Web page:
Climate-vegetation models predict rapid northward advance of the subarctic forest-tundra in the coming century, although modelled responses may not be congruent with field data. This study aimed to determine how forest-tundra vegetation has responded to climate change in north-central Canada. Vegetation cover and gradients were mapped and compared to changes in climate parameters between 1955 and 2006. Increased aridity and annual and July warming corresponded to spatial isotherm shifts of one-half the width of the forest-tundra transition. Over the 51-year period, the areal extent of live trees decreased 26% (5227 km2) while the areal extent of recently-burned trees increased 16-fold (7768 km2). Changes in the areal extent of treeless wetland, tall shrubs, and upland tundra were non-significant. There was significant forest loss in the southern forest-tundra and modest forest gain in the northern forest-tundra. Overall, forest loss outpaced forest gain. The forest-tundra increased in areal extent by ∼6% via an overall broadening of the transition region. Contrary to model predictions, no appreciable northward migration of the forest-tundra was detected over the 51-year period despite significant climate change. Increased wildfire activity and moisture stress may limit the potential of tree vegetation to expand northward under a warming climate.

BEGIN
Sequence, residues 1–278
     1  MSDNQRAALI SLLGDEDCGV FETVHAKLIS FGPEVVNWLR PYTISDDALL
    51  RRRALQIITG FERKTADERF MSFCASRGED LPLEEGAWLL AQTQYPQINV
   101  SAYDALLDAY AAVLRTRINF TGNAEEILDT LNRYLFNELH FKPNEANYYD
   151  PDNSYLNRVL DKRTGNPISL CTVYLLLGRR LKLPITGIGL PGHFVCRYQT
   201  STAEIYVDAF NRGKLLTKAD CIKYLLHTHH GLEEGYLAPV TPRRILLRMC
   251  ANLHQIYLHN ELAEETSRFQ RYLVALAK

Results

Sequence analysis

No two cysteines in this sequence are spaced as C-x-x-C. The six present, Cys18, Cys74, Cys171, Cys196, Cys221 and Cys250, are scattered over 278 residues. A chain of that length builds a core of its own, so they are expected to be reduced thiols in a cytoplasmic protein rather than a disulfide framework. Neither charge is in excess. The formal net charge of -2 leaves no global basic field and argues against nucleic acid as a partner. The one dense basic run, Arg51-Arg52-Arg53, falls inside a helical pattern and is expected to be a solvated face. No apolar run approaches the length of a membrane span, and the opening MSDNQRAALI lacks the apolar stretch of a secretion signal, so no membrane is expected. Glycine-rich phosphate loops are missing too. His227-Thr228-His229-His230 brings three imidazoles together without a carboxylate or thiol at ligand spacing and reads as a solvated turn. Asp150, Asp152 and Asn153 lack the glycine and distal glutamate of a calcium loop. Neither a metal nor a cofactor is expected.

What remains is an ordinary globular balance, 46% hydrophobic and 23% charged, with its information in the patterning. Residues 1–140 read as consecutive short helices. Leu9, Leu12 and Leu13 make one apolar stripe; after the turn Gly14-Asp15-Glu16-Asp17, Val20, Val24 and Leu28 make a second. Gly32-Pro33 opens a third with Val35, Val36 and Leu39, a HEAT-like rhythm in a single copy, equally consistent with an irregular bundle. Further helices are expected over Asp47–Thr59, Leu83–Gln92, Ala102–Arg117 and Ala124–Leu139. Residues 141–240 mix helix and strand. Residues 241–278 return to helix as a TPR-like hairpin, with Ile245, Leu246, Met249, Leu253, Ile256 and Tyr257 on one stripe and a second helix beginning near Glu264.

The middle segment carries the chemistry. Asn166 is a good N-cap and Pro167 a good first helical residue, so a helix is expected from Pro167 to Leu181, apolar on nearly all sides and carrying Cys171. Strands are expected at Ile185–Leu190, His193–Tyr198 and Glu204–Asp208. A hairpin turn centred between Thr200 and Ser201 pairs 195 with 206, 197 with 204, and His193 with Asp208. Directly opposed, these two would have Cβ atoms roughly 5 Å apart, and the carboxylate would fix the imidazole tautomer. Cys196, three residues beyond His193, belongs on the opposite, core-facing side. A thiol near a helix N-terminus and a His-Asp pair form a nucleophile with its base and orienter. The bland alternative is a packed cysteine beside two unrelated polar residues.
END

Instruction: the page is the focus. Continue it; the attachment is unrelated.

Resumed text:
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Vol. 26 • No. 2